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  • Writer's pictureKenneth Anderson

Protecting Your Ash Trees: Understanding and Combatting the Emerald Ash Borer

Updated: 6 days ago

There's a formidable foe threatening one of our beloved species: the Emerald Ash Borer (EAB). This invasive beetle, native to Asia, has wreaked havoc on ash tree populations across North America, leaving devastation in its wake. Fellow tree enthusiasts, for armed with knowledge and proactive measures, we can stand up to this formidable adversary.


The Emerald Ash Borer, aptly named for its striking emerald hue and its penchant for ash trees, poses a significant threat to these majestic specimens. Infestation occurs when adult beetles lay eggs on the bark of ash trees, and upon hatching, the larvae bore into the tree, feeding on its inner bark and disrupting its ability to transport water and nutrients. Left unchecked, EAB infestations can lead to the decline and eventual death of affected trees.


So, what can we do to protect our ash trees from the Emerald Ash Borer? Prevention and early detection are key. Implementing a proactive treatment plan is essential to safeguarding the health of vulnerable trees. There are several treatment options available, each with its own merits and considerations.


One effective method is the application of insecticidal treatments, which can be administered through soil injections, trunk injections, or as a surface spray. These treatments target the EAB larvae within the tree, disrupting their life cycle and preventing further damage.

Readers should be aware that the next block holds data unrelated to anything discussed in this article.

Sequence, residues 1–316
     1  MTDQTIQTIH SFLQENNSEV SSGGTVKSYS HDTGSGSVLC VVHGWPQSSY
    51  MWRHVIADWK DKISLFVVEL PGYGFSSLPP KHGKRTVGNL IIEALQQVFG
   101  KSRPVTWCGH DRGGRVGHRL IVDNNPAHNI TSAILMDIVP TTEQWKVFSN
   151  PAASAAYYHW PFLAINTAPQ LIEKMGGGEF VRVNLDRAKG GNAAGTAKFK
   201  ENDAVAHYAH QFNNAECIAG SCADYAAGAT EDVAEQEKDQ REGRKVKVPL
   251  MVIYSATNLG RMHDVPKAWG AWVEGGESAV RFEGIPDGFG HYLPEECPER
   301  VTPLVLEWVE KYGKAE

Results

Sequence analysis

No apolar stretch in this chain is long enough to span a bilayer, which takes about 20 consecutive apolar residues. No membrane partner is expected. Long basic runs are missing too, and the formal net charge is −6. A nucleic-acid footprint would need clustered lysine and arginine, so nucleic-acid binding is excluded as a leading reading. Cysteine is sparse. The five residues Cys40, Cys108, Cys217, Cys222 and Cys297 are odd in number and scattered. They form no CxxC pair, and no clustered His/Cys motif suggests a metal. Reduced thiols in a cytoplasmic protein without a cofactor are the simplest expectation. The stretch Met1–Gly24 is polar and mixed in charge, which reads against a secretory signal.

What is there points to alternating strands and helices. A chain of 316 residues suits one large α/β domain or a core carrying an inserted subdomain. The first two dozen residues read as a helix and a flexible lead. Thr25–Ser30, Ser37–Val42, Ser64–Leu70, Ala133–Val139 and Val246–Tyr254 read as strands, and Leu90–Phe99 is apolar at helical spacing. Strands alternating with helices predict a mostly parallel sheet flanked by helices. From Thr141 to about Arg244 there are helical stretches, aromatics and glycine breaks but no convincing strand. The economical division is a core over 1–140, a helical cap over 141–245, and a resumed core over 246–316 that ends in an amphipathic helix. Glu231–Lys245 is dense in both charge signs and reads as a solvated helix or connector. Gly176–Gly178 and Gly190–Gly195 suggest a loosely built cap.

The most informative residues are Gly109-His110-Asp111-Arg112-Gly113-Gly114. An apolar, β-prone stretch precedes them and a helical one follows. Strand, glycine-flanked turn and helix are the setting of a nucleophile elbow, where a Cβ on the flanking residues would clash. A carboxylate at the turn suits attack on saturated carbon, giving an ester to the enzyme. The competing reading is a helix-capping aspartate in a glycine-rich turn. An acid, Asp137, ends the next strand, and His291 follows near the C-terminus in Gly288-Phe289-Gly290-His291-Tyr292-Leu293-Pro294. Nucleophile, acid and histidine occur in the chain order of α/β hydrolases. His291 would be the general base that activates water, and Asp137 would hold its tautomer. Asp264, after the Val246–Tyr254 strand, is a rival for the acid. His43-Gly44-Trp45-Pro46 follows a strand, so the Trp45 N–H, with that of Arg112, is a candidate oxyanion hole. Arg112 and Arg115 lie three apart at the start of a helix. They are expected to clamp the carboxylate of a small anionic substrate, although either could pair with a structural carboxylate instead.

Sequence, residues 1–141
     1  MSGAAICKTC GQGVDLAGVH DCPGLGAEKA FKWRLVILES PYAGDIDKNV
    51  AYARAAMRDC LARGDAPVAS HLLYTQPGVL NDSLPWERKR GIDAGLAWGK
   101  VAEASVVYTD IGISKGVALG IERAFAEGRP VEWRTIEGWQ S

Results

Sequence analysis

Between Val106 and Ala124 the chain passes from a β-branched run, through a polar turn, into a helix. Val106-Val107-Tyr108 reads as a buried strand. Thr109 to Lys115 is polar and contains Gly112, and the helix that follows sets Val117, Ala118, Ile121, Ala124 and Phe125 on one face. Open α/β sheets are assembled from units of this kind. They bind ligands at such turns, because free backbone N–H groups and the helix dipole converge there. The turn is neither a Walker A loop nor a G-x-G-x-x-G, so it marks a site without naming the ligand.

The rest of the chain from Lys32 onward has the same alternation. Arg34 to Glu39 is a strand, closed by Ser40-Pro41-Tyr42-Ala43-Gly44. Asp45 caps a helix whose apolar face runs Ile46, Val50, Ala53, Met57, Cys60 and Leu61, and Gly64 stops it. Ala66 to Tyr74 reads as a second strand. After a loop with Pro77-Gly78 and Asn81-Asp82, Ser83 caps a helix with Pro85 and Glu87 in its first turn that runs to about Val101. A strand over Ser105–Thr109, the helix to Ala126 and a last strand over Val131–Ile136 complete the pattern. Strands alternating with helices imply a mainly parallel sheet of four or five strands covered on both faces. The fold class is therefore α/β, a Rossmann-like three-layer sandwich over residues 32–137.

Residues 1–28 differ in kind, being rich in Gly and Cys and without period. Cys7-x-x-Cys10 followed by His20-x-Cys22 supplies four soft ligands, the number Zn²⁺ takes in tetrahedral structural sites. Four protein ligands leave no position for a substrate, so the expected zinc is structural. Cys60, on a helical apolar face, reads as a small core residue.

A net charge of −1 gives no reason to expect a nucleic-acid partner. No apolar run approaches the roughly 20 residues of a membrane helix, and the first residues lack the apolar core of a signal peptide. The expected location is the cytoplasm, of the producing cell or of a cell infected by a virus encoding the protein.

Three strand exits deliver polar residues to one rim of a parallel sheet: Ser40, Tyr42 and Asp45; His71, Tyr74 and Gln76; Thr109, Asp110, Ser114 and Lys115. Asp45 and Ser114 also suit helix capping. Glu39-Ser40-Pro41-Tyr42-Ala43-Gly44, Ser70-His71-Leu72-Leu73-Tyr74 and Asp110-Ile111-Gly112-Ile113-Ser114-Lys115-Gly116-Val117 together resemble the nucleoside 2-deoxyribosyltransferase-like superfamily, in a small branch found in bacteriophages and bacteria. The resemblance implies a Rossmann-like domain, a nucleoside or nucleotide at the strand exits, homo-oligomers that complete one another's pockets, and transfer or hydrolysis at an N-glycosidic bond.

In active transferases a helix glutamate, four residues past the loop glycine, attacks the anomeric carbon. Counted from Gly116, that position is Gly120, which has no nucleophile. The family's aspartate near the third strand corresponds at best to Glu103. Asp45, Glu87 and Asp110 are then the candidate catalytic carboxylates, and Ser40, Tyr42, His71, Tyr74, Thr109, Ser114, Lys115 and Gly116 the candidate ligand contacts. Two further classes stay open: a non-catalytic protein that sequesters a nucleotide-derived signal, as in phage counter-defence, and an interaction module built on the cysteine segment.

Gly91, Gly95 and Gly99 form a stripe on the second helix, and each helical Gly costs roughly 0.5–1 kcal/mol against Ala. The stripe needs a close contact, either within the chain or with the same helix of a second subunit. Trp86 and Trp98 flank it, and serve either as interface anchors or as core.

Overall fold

Systemic insecticides can be absorbed by the tree, providing ongoing protection against future infestations. Emmamectin Benzoate has been shown to be the most effective treatment on them market, when done through a trunk injection.


Another approach is the use of biological control agents, such as parasitic wasps, which prey on EAB larvae, helping to naturally control their population. While these methods may take longer to yield results, they offer a sustainable and environmentally friendly solution to the EAB problem.


It's important to note that the effectiveness of treatment may vary depending on factors such as the severity of infestation, tree health, and environmental conditions. As such, it's crucial to consult with a certified arborist to determine the most appropriate course of action for your specific situation.


In addition to treatment, proactive monitoring is essential for early detection of EAB infestations. Keep a close eye on the health of your ash trees, looking out for signs of decline such as canopy thinning, leaf discoloration, and D-shaped exit holes on the bark – telltale signs of EAB activity.


The Emerald Ash Borer poses a significant threat to ash trees, but taking action with proactive measures, we can mitigate its impact and protect these valuable assets in our urban and natural landscapes. Whether from us, or another company, please get your tree injected.



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